Get Connected
  • facebook
  • twitter
  • Sign In
  • Classifieds
  • Sections
Print

Book review: Hinton curmudgeon pens joys of nature

"Mann & Nature: A Collection of Essays." By Perry Mann. Kettle Moraine Publishing Co. 156 pages. $20. Paperback.

CHARLESTON, W.Va. -- Hinton lawyer-thinker-farmer-writer-philosopher-teacher-father-veteran-iconoclast-rebel-reformer-progressive-curmudgeon Perry Mann is a unique West Virginian.

He served a term in the Legislature, but dropped out, complaining, in effect, that the institution's intellectual level was too low.

Now in his 90s, he writes weekly columns in The Nicholas Chronicle and occasional commentaries for The Charleston Gazette. His essays mostly fit two categories: (1) stinging rebukes of "unbridled capitalism" and "hatemonger preachers" and (2) hymns to the simple joy of living close to nature, steeped in the eternal rhythms of rural life.

Thirty of the latter are assembled in this charming paperback. They're poetic tributes to the quiet nobility of working the land, enjoying the forest, and feeling the serenity of it all. Chapter titles convey his message:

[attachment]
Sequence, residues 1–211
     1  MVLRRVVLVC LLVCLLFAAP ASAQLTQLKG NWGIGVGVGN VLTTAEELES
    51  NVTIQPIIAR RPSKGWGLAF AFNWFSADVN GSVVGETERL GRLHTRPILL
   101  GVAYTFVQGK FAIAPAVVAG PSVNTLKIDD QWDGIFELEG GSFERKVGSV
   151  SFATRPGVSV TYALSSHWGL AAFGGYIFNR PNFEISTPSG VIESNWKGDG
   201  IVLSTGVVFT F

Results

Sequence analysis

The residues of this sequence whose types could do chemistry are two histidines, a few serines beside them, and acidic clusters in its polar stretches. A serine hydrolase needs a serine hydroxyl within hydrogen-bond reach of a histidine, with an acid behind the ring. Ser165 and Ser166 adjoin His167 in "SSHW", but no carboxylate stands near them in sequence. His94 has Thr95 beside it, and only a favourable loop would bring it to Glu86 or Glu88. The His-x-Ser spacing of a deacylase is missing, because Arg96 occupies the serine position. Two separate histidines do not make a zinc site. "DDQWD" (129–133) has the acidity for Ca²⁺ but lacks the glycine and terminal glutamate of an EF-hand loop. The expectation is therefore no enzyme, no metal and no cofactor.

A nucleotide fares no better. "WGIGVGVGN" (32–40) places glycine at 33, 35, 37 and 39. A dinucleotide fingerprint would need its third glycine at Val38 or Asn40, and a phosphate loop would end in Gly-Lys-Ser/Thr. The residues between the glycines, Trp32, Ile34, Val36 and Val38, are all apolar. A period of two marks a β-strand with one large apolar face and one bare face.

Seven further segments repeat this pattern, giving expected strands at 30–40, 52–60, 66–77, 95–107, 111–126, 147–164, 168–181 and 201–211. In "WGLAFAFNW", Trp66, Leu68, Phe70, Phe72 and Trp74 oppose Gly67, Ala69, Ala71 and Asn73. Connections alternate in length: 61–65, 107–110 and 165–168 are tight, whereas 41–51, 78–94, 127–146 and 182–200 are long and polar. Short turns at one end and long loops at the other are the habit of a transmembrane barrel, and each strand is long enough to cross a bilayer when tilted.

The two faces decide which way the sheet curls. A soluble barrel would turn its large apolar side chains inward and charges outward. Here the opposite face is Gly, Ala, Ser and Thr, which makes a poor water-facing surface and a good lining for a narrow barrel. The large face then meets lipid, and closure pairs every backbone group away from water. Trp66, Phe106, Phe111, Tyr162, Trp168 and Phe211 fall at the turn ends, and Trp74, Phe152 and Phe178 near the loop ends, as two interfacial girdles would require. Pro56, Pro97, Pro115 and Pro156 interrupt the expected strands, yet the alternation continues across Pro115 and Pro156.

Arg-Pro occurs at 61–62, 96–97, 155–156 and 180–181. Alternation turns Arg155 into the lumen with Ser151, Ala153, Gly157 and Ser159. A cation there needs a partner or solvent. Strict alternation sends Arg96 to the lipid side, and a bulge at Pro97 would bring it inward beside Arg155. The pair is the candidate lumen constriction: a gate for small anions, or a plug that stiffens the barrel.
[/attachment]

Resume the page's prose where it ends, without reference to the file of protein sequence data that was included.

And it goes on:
"A Joint Venture With Nature." "The Miracle of Seeds to Meals." "Winter's Demise and Spring's Reprise." "Where Do Butterflies Sleep?" "A Walk in the Dead of Winter." "No-Mess, No-Miss Bread Recipe." "Digging Potatoes With My Grandson." "Faith in a Garden." And so forth.

The book cover is a painting of Mann by artist Robert Shetterly, which was featured in a Dutton book and traveling art exhibit titled "Americans Who Tell the Truth."

Mann was born in Charleston in 1921. His family split during the Depression and he grew up on his grandparents' Summers County farm. He served in the Army Air Corps in North Africa during World War II, then attended college on the GI Bill of Rights. He was a schoolteacher in Virginia, but was fired for writing letters against racial segregation. So he went on to law school.

Now in his twilight years, Mann scoffs at hope of surviving death in a supernatural hereafter. He says he wants to be cremated and his ashes scattered to nourish nature in his beloved hills. The book features his comment:

"No lobbyist can bribe nature. In the end, all politicians and everyone else must accept nature's mandates and the consequences of violating them. In that is my optimism."

Reach James A. Haught at haught@wvgazette.com or 304-348-1233.


Print

User Comments